Communicating Performance to Stakeholders
There aren’t that many people out there who enjoy giving a presentation to decision-makers--the public speaking, research, and people skills required can feel intimidating and unreachable. Still, many of us are frequently called upon to give such presentations, and, depending on the subject matter, struggle.
If you own or work for a nonprofit organization, it is your job to routinely communicate financial performance to your board or other stakeholders. While it feels scary and sometimes even impossible, your approach is crucial, and can make or break the findings.
Get the right information
If you’re going to present financial information to board members, make sure that you’re offering the right stuff. This will require research, organization, and work on your end, but will ultimately make the presentation better and more useful. You’ll need to address net asset classification, liquidity and availability of resources, expense reporting and investment performance, and operating cash flows.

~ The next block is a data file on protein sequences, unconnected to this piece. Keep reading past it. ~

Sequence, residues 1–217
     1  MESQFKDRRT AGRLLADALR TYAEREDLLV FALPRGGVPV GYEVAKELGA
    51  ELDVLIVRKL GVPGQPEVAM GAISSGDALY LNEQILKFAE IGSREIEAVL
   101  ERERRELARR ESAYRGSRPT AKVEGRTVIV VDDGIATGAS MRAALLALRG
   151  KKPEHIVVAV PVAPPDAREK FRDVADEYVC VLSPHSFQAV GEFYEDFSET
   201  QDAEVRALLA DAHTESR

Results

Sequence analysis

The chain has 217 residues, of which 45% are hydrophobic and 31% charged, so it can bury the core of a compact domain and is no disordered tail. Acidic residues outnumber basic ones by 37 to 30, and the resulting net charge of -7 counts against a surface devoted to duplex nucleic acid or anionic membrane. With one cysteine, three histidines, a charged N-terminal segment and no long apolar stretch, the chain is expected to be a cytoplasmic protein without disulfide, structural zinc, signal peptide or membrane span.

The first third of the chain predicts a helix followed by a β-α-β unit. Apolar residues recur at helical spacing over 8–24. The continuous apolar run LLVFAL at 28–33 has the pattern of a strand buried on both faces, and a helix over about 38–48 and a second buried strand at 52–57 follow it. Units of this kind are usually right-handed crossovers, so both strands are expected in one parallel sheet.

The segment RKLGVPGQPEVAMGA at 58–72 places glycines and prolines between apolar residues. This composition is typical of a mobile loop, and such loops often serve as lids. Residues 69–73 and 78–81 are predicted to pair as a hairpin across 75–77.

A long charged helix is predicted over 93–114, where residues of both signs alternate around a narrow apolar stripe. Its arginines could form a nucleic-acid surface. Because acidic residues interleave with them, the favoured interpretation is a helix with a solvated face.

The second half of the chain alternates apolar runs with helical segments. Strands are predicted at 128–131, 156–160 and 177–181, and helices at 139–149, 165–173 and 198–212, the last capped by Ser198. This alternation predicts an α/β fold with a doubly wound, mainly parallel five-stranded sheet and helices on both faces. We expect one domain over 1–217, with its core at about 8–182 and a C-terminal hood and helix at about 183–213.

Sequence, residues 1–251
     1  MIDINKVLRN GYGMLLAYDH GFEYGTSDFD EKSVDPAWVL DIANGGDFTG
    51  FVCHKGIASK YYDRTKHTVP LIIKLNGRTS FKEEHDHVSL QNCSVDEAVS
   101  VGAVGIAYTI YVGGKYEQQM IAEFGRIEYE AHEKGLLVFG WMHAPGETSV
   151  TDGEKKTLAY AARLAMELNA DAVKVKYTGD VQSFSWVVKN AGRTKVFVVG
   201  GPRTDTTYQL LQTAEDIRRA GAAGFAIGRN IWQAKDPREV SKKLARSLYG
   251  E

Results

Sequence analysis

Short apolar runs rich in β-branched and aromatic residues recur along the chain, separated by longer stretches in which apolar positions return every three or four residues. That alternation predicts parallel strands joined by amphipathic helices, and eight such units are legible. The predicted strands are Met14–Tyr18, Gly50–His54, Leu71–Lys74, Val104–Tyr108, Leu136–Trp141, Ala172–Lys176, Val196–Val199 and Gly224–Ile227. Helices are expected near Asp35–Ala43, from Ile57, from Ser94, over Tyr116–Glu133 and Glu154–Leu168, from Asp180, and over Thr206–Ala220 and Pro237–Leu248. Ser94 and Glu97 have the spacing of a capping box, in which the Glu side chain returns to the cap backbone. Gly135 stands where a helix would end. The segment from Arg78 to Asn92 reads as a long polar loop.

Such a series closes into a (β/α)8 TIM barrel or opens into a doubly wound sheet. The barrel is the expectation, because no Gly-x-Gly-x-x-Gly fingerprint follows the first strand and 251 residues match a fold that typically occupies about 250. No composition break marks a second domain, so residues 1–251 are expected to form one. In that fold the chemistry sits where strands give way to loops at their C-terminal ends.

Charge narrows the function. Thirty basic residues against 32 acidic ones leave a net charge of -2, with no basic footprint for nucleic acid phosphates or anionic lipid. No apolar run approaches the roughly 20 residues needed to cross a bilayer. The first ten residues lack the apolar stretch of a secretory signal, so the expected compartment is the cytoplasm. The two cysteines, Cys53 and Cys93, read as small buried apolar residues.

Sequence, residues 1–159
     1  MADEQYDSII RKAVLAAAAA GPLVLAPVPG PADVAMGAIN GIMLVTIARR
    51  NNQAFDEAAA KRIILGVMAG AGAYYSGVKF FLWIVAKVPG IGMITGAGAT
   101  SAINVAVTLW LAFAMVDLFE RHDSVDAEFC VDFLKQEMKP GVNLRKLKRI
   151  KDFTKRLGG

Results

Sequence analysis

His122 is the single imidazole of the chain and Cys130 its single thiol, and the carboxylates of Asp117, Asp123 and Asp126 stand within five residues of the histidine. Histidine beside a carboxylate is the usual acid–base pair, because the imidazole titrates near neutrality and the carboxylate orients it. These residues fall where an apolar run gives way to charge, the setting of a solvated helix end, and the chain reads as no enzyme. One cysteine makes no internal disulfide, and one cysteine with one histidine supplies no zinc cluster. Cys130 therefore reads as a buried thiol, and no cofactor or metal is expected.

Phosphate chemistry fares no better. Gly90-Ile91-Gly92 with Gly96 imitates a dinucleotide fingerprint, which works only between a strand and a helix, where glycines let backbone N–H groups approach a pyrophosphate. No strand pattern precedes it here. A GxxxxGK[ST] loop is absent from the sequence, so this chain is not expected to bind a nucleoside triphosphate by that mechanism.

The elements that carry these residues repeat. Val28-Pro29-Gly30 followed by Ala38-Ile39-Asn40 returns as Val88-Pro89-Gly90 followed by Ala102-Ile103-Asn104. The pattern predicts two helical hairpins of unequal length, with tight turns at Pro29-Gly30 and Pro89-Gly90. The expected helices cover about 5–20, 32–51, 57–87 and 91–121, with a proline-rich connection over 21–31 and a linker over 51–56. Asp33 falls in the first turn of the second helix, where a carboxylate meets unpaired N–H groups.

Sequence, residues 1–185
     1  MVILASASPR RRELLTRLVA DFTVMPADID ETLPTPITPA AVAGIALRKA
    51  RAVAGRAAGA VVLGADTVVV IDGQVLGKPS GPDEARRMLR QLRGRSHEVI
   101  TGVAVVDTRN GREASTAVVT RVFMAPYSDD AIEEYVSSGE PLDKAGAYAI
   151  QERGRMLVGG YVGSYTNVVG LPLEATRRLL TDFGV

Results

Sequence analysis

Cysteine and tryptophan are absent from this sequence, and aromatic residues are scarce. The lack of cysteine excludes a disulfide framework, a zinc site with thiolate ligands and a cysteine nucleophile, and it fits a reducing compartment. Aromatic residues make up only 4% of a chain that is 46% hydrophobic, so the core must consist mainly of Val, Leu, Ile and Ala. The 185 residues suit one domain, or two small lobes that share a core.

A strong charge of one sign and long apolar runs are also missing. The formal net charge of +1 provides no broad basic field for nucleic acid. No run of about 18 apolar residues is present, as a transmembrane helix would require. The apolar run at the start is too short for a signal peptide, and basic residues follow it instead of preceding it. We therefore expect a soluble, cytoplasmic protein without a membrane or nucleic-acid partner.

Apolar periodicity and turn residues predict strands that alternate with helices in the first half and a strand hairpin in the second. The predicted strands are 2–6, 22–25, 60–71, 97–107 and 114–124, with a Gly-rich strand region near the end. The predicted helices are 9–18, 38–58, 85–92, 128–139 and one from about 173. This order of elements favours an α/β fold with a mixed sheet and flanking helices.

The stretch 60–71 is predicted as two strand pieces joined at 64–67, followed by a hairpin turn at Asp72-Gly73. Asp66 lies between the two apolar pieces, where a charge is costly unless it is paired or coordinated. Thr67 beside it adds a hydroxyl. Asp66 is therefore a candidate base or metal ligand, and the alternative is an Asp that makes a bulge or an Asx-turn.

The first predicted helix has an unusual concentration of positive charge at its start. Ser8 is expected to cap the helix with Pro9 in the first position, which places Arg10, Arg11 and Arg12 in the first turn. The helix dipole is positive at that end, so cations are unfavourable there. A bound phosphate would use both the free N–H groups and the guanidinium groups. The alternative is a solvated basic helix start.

Working with your specialized nonprofit accountant is a great way to make sure that you’re gathering the right information and presenting with your best foot forward.
Part of your prep work should include putting together a tangible report for your board members. You may also consider offering larger visuals to give your presentation a little bit of extra interest and better relay your points. Financials aren’t for everyone, and they can feel monotonous, so a visual representation or comparative graph can go a long way.
Something to take home can also be a nice touch, but make sure you’re not wasting paper on things that will be instantly thrown into the trash. Think instead about handouts that can be passed around the room.
Craft a narrative
Imagine yourself in the audience--what would interest you? People like stories, so find a way to relay the information you need to get across in a way that humans find interesting. Typically, real world examples and narratives are great for this, and can make an unapproachable subject something to write home about.
Practice makes perfect
While some boards are casual, others may require a higher degree of formality and polish. Even if yours is the former, blow them away with a professional, rehearsed (but not overly practiced and boring) presentation. Practice before smaller groups of employees who may also be excited about the results of your research and reporting and give them the opportunity to ask questions so that you can be prepared in your answers.